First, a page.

The next day Lola called her father, who said he’d be right over.

Lola and Ethan were sitting on the steps leading upstairs. Her husband’s car was parked on the lawn with the driver’s door open, and Lola’s husband leaning half out of the car.

Her father pulled up, looked at his son-in-law, and then went into the house, where he saw the condition of his grandson, both eyes swollen and blackened, with buckle marks on his arms and back.

He told Ethan to go get his father’s belt and hunting knife and bring them in to him and then to stay outside until he told him he could come in.

Lola’s father took her into the bathroom, where between sobs she told him what she had come home to and what she did. He told her that her husband beat her, then closed the door and told her to strip down to her bra and panties.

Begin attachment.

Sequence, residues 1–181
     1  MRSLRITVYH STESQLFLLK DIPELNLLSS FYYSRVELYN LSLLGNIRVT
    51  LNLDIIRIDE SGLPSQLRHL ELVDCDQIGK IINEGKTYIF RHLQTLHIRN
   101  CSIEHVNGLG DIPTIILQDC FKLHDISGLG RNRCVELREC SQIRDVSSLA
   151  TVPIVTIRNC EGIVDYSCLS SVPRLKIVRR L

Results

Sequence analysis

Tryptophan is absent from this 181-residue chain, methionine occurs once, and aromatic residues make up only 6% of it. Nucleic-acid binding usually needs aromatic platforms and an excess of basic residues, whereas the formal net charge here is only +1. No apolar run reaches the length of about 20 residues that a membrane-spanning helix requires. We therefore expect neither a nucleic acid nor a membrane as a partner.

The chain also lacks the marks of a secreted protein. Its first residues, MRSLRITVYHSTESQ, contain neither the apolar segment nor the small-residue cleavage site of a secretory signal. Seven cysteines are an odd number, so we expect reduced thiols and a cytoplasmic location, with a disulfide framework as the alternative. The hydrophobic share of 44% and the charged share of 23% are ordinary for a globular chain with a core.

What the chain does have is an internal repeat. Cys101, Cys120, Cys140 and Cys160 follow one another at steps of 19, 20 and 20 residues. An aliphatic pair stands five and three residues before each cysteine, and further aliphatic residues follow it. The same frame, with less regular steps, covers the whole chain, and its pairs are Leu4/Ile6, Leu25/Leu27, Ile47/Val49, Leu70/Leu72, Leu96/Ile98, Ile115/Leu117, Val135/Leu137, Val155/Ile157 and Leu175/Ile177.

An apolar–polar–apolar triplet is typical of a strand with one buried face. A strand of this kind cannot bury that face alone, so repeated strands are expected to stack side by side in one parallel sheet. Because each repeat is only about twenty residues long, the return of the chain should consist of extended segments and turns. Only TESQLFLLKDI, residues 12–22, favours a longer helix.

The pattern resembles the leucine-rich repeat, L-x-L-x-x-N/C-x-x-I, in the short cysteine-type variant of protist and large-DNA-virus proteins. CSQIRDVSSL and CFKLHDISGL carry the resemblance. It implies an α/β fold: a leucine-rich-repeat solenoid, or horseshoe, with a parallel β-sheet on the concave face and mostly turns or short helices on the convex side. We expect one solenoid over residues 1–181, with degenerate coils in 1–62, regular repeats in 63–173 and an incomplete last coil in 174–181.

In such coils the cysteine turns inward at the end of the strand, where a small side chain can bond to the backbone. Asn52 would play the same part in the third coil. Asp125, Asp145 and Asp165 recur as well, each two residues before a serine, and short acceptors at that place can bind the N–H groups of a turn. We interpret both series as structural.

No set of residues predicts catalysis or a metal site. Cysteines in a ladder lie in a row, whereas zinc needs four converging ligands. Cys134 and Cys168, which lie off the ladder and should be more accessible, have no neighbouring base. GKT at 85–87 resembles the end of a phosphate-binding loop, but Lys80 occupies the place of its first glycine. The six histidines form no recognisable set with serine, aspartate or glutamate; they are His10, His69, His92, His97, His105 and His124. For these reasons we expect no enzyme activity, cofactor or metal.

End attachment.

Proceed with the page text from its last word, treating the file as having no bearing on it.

He proceeded to give her a beating like the one Ethan got, but not as severe.

He then raked his arms and face with the hunting knife and stabbed himself in his side. He ran Lola a bath and walked downstairs and outside, just as the police car the neighbors called, pulled up.

Ethan told the police he got back at his father with the baseball bat he was holding, and his grandfather told the police Ethan was trying to protect him from his father and the knife.

Then Lola came limping out and said that she gave her husband back for the beating he gave Ethan and her the night before.

The policeman told them all to go in the house while they waited for a detective and an ambulance.

When they showed up, they walked into the house and Lola, her father, and Ethan were all sitting on the couch huddled, crying, and bleeding.